VCE wanted to redesign and extend their existing vce.com site built by SapientNitro to make it responsive across various devices for a more seamless user experience. This is a key strategic project for VCE in line with their new omni-channel marketing strategy.
The site is currently replaced with new site branded as Dell EMC.
(Learn more about The Rise & Fall of the VCE Brand Name.)
I was working on this project as Experience Designer with the help of an Senior Experience Designer providing overseeing support. I was fully responsible for the creation of wireframes.
The local scrum team includes myself, an senior UX designer and a project manager, with occasional tech support from a back end developer.
This is a redesign project based on existing pages. Content-wise, it was well prepared. My job was to re-arrange, or in most cases, create new components to display existing content in a better way by following new design language and grid system.
Main steps are listed below.
Taking over WIP files: As one of the most common things happening in agency world, I took over this project from another UX designer who was leaving the company at that point.
Get familiar with crucial working files: The next step, which is super critical, was to take a look at the most important files after I got all the documents I needed, and to look for anything that were still unclear and unknown before the the person who knew the answers became unavailable.
Start creating design: When things are all set up, it’s time to start designing and wire framing. However, it was better to check in with other team members early and often to make sure I was on the right track.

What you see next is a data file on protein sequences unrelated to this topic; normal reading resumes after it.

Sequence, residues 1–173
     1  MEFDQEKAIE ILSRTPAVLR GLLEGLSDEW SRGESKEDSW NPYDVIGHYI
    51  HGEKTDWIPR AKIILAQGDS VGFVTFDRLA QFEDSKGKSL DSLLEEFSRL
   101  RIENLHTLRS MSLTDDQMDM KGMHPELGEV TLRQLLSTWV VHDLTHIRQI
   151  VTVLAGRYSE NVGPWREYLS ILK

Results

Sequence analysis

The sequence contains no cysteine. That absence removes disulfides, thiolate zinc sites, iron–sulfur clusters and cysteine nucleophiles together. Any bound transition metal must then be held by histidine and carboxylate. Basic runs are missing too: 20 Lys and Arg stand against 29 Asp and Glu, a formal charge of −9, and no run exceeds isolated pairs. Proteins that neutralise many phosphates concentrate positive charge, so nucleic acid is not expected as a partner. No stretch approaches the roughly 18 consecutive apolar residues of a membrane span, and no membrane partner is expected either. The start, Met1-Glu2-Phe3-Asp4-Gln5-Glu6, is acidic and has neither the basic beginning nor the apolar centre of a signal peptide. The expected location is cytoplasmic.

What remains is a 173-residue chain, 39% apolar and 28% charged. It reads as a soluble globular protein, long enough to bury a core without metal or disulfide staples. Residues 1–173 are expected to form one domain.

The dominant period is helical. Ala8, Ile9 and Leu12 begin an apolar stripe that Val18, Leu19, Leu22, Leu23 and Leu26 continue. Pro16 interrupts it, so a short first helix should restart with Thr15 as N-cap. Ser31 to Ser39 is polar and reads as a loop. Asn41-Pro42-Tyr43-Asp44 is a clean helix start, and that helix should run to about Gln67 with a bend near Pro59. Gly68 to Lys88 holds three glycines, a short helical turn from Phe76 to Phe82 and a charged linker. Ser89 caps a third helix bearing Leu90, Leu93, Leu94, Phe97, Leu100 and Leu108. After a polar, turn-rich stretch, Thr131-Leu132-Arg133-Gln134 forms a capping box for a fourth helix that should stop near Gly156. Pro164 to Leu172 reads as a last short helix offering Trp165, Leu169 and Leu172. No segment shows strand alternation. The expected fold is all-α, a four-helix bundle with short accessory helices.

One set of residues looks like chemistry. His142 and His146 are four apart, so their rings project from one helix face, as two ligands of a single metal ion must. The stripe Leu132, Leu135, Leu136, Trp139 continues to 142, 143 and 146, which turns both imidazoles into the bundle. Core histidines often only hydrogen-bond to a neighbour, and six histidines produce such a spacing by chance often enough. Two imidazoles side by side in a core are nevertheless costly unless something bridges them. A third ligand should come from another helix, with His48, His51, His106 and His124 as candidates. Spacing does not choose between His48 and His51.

Finish the jobs: Once everything was good and running. It was time to speed up, and finish the jobs good and quick.
As it happens from time to time in agency world, you may have to pick up some WIP works someone else was working on, but able to any more. The key of the process is to ask for as much files as possible to make sure you won’t miss anything that you are not aware of. Though, there must be a large protein of files being useless from what you received. But that’s ok, at least you are not losing anything.
Ask questions, ask a lot of questions at this point. Learn about the scope of the project. Ask who are the key contacts from client end, what are their roles and responsibilities. What is the daily, weekly and monthly meeting schedule? What clients would expect from those meetings? Where are we at regarding of timeline? Are we ahead or behind? What we’ve done so far? Ask them walk you through the most important design and ask question while listening. What is the design process we are going with? Which software we are using? How do we share files across team and with clients? The list goes on, and you should keep asking questions as long as you are still uncertain about what you should do?
Once you have all the files from your “ex” and got most of the questions answered, it’s time to start exploring the most important files to make sure you understand what you are going to work on. You may have more questions coming up in the process when reading through documents. Ask when you have one.
Sometimes, you may have a quiet loose schedule right after you taking over the work. Take the time, and learn as much as you, as deep as you can.
However, sometimes you don’t have that much time to sit down and read through piles of documentations and design files. if you are at this point, go to the most crucial ones, and start to work as soon as you can start to work. You will have more chance to learn, and learn fast when you start doing real works.
At this point, you should have been start working on new designs. Do as best as you can, and check in with team members often as early stage. They will help you correct the direction since they know better than you. Again, learn as you go. Very soon, you will be an expert.
Since it was a redesign project, and on-going project. My job was to follow existing visual style and logic, represented existing content in a better way to improve usability and find-ability.
This project was my very first project ever done for real world client after I joined SapientNitro. The process of taking over from another UX designer, and jumping start quickly made me spark myself quick and bright.